The Renault Duster is a good car – bordering between being an overgrown hatch and a full blown SUV, it truly defines the meaning of the crossover genre that has been gaining global popularity over the years. The mantra is simple – a car needs to be big enough to satisfy your ego and small enough to fit into a parking spot in any crowded city. It needs to be powerful enough to give you the thrills but frugal enough to minimize fuel bills. The Duster does all that, after all it was designed for emerging markets and saw light of day badged as a Dacia – pretty much on the lines of the Logan, but in a different segment altogether.
Renault seems to have got the timing right with this little SUV considering that there will be a slew of Premier Rio sized mini SUVs hitting the market soon. The French have even got the pricing right which always seems to be the tricky factor for any international manufacturer trying to make headway into the Indian space. So as far as competition from its own segment goes, it’s pretty much a no-brainer because the Duster has got the quality, style and frugality to beat pretty much any other SUV between under 10 lakh Indian rupees. Between the 104PS 1.6-litre petrol engine and the 85 PS 1.5-litre diesel mill, Renault has the likes of the Scorpio and the Safari decently covered.
But could the 110PS diesel Duster (Read: Renault Duster First Drive) just be bordering on the edge of greatness? It may still be the small SUV that everyone seems to be talking about but with the top-of-the-line RxZ variant and its extensive features list could it just entice a buyer with a bigger budget to save some cash and be happier in the process too? To put things into perspective it only made sense to pit the Duster against one of the most successful SUVs in recent times – the Mahindra XUV 5OO.
The XUV itself is a success story like no other – not really belonging to the entry level SUV segment and not quite making it up to full blown mud-plugger status either, it fills a gap that had been wide open for the longest time between the Scorpios and Safaris and the Fortuners and Pajeros of our world. With the kind of bookings that the XUV 5OO (Read : XUV500 Road Test) recorded within a month of its launch, this homegrown butch is a behemoth in its own right. Of course, the XUV costs more than the Renault but that tag difference is down to about Rs 2 lakh for the W8 2WD variant compared to the Duster’s 110PS RxZ. Suddenly, things don’t seem too much in favour of the Duster at this point!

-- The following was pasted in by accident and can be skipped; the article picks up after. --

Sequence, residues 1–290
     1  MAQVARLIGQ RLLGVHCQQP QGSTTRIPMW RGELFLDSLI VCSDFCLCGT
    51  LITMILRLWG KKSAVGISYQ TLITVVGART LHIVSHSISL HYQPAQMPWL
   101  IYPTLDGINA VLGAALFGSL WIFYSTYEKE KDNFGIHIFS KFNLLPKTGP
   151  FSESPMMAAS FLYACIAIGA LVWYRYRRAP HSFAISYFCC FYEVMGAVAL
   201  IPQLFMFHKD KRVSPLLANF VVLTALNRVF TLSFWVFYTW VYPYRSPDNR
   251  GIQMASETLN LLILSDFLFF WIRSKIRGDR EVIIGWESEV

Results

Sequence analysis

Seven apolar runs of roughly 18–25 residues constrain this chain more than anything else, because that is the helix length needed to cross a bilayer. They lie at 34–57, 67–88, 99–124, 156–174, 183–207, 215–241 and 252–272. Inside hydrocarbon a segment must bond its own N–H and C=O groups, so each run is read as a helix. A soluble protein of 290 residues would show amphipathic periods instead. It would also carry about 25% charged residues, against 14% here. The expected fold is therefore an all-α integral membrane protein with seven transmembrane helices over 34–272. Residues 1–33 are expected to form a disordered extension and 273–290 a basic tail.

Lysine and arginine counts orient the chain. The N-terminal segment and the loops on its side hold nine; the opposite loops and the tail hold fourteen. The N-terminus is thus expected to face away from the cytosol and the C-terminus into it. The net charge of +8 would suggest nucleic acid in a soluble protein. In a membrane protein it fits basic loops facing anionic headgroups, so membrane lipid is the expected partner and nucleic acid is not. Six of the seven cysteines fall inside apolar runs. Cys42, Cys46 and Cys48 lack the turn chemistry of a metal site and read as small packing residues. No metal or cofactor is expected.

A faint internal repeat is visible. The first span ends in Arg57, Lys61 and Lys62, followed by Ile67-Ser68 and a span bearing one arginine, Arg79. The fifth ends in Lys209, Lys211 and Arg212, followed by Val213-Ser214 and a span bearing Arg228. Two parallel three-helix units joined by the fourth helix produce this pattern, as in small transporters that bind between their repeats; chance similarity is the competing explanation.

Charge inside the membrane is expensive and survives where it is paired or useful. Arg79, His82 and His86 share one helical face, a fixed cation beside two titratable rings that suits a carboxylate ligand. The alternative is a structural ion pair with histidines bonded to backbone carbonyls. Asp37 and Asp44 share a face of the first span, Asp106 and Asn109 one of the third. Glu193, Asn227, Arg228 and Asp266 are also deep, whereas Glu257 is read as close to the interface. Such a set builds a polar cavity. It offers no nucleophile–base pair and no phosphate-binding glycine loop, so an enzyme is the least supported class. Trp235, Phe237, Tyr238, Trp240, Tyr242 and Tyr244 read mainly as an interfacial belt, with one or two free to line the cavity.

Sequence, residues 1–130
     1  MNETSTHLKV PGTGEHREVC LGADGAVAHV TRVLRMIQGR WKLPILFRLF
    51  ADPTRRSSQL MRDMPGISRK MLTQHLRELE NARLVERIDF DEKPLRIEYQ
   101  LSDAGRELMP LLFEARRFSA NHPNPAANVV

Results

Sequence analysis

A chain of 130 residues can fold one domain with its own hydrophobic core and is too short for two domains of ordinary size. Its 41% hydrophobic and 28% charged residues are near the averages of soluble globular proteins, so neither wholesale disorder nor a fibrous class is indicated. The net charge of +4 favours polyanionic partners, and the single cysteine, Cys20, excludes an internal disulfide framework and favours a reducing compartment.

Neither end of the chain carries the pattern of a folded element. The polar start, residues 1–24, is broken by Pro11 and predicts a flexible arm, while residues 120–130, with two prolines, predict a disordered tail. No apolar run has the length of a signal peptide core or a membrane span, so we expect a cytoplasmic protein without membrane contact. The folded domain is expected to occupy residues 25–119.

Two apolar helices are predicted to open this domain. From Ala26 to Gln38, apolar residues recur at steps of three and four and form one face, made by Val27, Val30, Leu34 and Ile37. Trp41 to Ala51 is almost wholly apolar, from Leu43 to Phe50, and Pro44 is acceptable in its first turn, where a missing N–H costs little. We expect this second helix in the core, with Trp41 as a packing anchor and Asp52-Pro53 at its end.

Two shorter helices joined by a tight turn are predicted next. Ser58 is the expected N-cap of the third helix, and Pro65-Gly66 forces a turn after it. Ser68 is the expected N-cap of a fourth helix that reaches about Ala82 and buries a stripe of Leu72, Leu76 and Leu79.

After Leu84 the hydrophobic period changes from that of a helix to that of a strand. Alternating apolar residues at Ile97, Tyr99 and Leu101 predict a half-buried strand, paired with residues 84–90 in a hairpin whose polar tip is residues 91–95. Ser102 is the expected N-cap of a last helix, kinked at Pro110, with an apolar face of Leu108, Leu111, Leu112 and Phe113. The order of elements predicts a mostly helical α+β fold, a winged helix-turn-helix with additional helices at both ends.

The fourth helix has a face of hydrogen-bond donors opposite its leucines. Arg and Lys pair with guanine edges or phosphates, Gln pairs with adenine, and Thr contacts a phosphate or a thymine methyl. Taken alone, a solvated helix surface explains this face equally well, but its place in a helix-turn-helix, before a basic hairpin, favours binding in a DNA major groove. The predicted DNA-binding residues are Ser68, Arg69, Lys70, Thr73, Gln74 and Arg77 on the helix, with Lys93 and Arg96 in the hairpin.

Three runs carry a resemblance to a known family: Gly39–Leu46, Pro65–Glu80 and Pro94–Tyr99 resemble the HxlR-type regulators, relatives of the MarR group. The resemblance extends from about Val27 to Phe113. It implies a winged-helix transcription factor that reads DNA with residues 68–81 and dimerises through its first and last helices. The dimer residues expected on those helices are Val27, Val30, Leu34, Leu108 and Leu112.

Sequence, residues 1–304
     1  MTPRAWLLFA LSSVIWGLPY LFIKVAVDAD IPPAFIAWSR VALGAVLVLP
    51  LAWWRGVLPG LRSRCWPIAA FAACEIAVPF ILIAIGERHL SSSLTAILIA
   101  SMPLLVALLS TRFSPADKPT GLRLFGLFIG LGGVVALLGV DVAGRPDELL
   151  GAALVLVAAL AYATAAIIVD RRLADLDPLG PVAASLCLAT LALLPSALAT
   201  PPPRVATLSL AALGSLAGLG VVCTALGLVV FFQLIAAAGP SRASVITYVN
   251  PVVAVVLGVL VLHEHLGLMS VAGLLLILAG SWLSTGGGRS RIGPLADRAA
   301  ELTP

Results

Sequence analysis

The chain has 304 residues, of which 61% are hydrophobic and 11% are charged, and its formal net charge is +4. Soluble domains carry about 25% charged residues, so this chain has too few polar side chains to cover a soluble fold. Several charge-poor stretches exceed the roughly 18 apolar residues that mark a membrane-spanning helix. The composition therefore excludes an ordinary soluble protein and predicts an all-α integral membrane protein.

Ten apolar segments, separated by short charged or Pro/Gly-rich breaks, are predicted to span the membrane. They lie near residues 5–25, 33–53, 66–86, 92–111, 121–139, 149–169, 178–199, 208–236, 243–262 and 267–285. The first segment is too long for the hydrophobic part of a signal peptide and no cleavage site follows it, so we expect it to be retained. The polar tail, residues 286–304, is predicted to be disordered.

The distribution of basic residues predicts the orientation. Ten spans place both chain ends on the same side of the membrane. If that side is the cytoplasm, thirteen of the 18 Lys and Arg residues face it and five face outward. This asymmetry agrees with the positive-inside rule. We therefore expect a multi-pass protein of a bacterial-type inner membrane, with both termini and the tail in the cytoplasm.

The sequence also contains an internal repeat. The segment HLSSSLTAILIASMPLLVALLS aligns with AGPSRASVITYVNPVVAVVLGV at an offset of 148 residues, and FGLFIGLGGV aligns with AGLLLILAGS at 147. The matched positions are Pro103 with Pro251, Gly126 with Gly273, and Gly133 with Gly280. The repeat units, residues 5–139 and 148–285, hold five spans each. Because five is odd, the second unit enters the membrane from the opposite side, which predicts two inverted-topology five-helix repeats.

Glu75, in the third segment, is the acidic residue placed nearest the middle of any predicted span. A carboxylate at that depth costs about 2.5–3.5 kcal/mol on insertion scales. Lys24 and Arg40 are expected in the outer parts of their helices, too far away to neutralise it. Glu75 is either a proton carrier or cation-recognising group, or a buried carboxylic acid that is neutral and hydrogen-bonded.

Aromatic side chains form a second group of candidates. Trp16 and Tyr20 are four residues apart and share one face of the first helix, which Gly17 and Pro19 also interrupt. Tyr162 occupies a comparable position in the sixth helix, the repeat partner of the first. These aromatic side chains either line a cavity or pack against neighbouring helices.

Round 1: Design and sheer size!
If there’s one Indian vehicle that we can all be proud of in terms of its styling, it’s got to be the XUV 5OO. While the whole cheetah-inspired PR speak may be a little too cheesy for our tastes there is no denying that Mahindra has done a fantabulous job with penning the XUV. All the way from the peeled-away bodywork under the headlights to the LED daytime running lights and that very feline wheel arch bulge that intrudes into the slab of glass at the back all made us go weak in our knees when we first laid eyes on it. In fact the whole of the XUV is so sculpted it looks like Schwarzenegger before he got into politics!
The XUV has simply set the benchmark in terms of vehicle design for anyone looking to bring in a macho machine. It makes the Tata Safari look like a pencil pusher and even a car as attractive as the Skoda Yeti seems to be batting its big eyelids in appreciation. All that design flair extends inside the car as well with a very geeky centre console with enough going on there to keep somebody with Attention Deficit Disorder occupied for days. Then there’s that very Honda Civic-inspired hand brake lever and the optical illusion air con vents with the whole cabin delving in and out of black, maroon and metal accents. The XUV (Read : XUV500 Road Test) then seems like the perfect vehicle to intimidate others on the road while feeling nice and smug behind the wheel – perfect description of an SUV isn’t it?
While the XUV 5OO exudes testosterone from every shutline, the Duster (Read: Renault Duster First Drive) seems like the cute big bug that everyone wants to pet. There really isn’t much happening on the outside – it’s actually a whole bunch of simple body panels put together really well at first glance but the Duster grows on you and when it does you’ll fall in love with its simplicity. The first thing that you’ll see apart from those massive headlamps glaring at you is the way the wheel arches bulge out on all four corners. And then there’s this sense of width that will hit you in the face when you stare at it for longer owing to the lower half of the front bumpers being blackened out.
That’s further exaggerated by the overall stance of the Duster – short in height, but nice and wide with a nice mix of positive and negative spaces along the sides. But what really gives the Duster its masculinity is the inclusion of very hardcore SUV details like the bash plate that folds up hugging the lower halves of the front and rear bumpers and the very classy roof rails. What could have been a very boring rear end is saved by a clever use of subtle creases and bulges around the tiny vertical tail lamps. Put the XUV and the Duster next to each other and the difference in sheer size is compelling but that is the real genius behind the Renault’s design. In effect it is a small vehicle – the roof being only slightly taller than a Suzuki Swift when we parked it in the office, but stand alone, the proportions on the Duster along with strong design elements make it look a whole lot bigger than it actually is. It’s body mass versus clever trickery and we’d have to say, the Duster definitely holds its own against the XUV here!
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